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A Los Angeles judge on Thursday again rejected one of 11 sexual assault counts in an indictment of Harvey Weinstein.
Judge Lisa B. Lench first dismissed the count of sexual battery by restraint as too old and outside the statute of limitations two weeks ago, but allowed the district attorney’s office to amend the allegation against the 69-year-old former movie mogul and convicted rapist.
On Thursday, she found that neither of two attempts at an amended complaint from prosecutors solved the problem, and rejected the count again.
Weinstein attended the hearing in L.A. County jail attire. He was brought into the courtroom shackled to a wheelchair, and was uncuffed as the proceedings began.
Lench gave prosecutors a glimmer of hope on the dismissed count, saying that if they reconvene the grand jury and get it to return a new indictment for it, she may accept it. But she offered no specific instructions.
“I can’t tell you what to do,” the judge said.
The rejected count dates to May 2010. Weinstein was first charged with it in January 2020, before the statute of limitations had expired. Prosecutors then got an indictment from a grand jury on an identical count six months later, when the time had lapsed.
The judge agreed with Weinstein attorney Alan Jackson that the grand jury indictment was a new prosecution, and therefore was coming too late.
“The people are grasping to try to save something that is unsalvageable,” Jackson said in court. “They did it, they blew it, they can’t fix it.”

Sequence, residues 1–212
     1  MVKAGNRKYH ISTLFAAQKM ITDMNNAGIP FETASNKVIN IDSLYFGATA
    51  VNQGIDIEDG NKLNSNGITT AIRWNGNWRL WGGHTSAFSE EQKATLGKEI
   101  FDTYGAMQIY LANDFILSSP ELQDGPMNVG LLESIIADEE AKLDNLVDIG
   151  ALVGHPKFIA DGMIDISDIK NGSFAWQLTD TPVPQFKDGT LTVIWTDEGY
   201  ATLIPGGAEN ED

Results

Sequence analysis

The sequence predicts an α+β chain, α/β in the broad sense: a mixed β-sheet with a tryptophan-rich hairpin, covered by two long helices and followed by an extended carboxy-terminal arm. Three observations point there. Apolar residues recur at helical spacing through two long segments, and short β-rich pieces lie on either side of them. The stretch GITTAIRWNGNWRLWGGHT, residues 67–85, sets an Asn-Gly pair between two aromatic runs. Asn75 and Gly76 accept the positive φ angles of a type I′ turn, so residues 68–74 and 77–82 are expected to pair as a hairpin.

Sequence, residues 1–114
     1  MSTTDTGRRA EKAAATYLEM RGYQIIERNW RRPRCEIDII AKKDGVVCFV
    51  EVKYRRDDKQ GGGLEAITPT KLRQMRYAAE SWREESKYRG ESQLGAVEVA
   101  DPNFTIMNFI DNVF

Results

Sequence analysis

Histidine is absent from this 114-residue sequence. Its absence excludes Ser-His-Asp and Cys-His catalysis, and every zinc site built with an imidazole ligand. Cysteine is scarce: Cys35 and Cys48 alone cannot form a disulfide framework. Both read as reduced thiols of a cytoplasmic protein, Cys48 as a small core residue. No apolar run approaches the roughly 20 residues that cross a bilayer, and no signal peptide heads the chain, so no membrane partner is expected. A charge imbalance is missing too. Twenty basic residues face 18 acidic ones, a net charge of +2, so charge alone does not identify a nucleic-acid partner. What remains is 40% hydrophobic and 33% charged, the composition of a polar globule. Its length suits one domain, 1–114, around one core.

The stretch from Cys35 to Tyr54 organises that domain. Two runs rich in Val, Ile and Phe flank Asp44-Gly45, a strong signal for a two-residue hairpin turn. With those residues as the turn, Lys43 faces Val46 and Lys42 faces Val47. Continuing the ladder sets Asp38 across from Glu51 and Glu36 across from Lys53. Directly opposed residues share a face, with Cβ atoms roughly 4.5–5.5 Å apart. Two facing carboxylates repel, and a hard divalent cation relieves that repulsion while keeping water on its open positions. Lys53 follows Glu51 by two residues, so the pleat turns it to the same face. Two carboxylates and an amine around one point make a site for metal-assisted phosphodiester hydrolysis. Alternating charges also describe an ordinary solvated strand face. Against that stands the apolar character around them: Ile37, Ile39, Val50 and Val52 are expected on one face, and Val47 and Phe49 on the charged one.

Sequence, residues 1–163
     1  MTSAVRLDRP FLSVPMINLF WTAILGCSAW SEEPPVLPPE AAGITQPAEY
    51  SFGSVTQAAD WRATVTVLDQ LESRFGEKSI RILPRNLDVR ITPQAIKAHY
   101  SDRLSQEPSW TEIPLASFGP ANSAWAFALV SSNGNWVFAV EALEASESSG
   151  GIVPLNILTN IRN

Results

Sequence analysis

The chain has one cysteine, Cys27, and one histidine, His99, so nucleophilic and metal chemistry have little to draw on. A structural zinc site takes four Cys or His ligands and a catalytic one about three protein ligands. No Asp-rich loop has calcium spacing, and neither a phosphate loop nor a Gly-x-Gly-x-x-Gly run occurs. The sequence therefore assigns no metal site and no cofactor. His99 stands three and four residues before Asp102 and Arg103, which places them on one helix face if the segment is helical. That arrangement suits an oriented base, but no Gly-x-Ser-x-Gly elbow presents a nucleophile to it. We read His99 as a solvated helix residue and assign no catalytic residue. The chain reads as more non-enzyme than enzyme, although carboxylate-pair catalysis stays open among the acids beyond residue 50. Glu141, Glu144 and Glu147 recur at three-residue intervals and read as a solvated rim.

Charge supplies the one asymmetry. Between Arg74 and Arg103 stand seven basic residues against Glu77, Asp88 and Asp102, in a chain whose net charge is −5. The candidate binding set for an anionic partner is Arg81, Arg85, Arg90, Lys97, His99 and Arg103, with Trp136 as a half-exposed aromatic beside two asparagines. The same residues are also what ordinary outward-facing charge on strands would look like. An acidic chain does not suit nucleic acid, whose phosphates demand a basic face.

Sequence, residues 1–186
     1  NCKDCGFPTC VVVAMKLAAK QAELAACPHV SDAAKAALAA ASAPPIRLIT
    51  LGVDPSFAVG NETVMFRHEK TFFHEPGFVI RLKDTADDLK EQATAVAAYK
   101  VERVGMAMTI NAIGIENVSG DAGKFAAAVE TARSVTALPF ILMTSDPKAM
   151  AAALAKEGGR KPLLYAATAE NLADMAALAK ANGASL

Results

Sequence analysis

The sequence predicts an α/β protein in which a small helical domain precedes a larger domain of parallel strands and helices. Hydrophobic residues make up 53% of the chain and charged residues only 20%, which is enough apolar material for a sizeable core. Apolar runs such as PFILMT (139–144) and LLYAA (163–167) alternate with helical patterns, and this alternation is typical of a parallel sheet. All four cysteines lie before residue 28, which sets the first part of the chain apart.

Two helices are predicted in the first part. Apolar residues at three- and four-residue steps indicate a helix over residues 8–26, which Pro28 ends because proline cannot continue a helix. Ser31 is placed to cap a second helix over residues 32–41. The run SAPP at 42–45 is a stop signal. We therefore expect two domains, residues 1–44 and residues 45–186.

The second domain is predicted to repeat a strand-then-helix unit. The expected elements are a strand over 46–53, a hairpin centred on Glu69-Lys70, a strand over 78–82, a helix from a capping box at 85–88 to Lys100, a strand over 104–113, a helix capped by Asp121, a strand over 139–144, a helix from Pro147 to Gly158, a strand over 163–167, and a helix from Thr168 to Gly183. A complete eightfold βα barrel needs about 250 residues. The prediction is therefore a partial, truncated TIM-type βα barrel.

Prosecutors argued that it was a continuation of the same case.
While the count is a small part of the case, dismissing it removes one of five accusers from Weinstein’s forthcoming trial.
Still intact are four counts of rape and six other sexual assault counts. Weinstein pleaded not guilty to all of them last month in his first court appearance in the California case. He was extradited from New York, where he is serving a 23-year sentence for convictions of rape and sexual assault.
Other charges against Weinstein are for even older incidents, but different statutes apply to them.
The defense also revealed at the hearing that they have been given a list of 248 witnesses for the forthcoming trial, for which no date has been set.
Weinstein’s attorneys will seek to reject many of them, and more technical fights are likely to come as they attempt to erode the case against him.
“Today’s a great example of why we need judges with a backbone,” Weinstein attorney Mark Werksman said outside court, “and juries with a tough spine to stand up against false accusations.”
In a statement sent to The Hollywood Reporter, Weinstein’s rep said, “We are pleased that the judge agreed that one of the charges alleged was barred by the statute of limitations. It remains dismissed and, given the statute and the fact that Harvey maintains his innocence of the charges, it never should have been brought in the first place. We consider this a partial victory, but know there is quite the road ahead. Harvey remains optimistic and hopeful, and must focus on his health right now.”
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